Aakoub or akkoubGundelia tournefortii) is a spiny, thistle-like plant found in semi-desert areas in Palestine and Lebanon. This wild vegetable’s recent claim to fame is that researchers identified its pollen grains on the shroud of Turin. It is picked when in season from the mountains surrounding area. Two cities famous for their use of akkoub are Nablus and Jenin. In Lebanon, it is commonly collected in the southern part of Mount Lebanon: the mountains of Shouf and Dahr el-Baydar where it is used to prepare stews, omelets, salads, kebbeh and even pickles.
To prepare for cooking, the thistles must first be removed, which is a very involved process. Then the akkoub is sautéed in some olive oil with plenty of chopped onions and garlic, then mixed with cooked meat with a final addition of fresh lemon juice. It is usually served with rice.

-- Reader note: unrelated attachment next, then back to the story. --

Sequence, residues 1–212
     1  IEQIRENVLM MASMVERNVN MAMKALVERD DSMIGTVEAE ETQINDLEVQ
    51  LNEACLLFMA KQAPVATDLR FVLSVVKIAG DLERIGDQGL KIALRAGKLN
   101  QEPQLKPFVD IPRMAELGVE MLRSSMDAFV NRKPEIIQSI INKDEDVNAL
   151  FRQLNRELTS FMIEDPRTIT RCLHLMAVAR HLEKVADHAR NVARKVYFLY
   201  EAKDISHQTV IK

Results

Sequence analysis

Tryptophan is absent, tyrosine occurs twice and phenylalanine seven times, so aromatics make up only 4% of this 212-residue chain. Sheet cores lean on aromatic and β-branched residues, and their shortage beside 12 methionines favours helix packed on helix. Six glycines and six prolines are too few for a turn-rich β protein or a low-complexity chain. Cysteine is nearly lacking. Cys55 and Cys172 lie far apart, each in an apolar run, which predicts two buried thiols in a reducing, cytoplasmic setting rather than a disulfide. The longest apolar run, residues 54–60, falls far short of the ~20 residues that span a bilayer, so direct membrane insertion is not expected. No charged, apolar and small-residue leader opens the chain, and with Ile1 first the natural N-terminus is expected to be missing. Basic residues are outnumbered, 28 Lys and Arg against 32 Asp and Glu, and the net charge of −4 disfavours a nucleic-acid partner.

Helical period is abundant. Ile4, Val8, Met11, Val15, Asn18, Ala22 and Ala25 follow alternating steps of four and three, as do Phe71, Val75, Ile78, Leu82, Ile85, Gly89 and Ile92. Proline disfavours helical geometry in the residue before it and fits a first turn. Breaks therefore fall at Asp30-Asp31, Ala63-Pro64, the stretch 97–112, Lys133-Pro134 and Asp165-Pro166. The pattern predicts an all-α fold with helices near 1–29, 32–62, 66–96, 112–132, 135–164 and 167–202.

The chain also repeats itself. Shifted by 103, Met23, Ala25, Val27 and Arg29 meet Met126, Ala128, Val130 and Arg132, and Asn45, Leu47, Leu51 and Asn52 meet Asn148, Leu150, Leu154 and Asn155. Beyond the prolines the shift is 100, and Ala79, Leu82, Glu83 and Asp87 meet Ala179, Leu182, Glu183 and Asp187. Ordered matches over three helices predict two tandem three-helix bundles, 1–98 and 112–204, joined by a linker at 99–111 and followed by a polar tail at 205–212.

People use the vegetable year round, kept stored under refrigeration. Akkoub is a wild plant that is difficult to forage due to its mountainous growing location and many spiny leaves. It has a taste similar to artichoke. The leaves, stems, roots, and undeveloped flower buds of akkoub are edible when they first sprout in early spring (February–March). Plants become progressively drier over the summer, with leaves turning yellow and growing spines. Before drying completely, the plant detaches from its roots and is pushed by wind, dispersing seeds for the next year and giving the nickname of “tumble thistle.” In Arabic and Palestinian culture in particular, its used for food and healing purposes, and these cultures respect and identify with the plant. Ways of cooking akkoub vary from frying it with eggs to cooking it with lamb meat and yogurt. To prepare for cooking, the thistles must first be removed, which is a very involved process. The cleaning and preparation of akkoub is a whole ritual in Nablus. Nablulsi women would gather and spend hours shaving the vegetable until their fingertips would turn black. They store the plant in large quantities to use throughout the year or to send as gifts to family members living abroad. While entire families once traditionally harvested akkoub, it is now at risk of being lost due to the difficulty and time involved in its harvest, cleaning and cooking.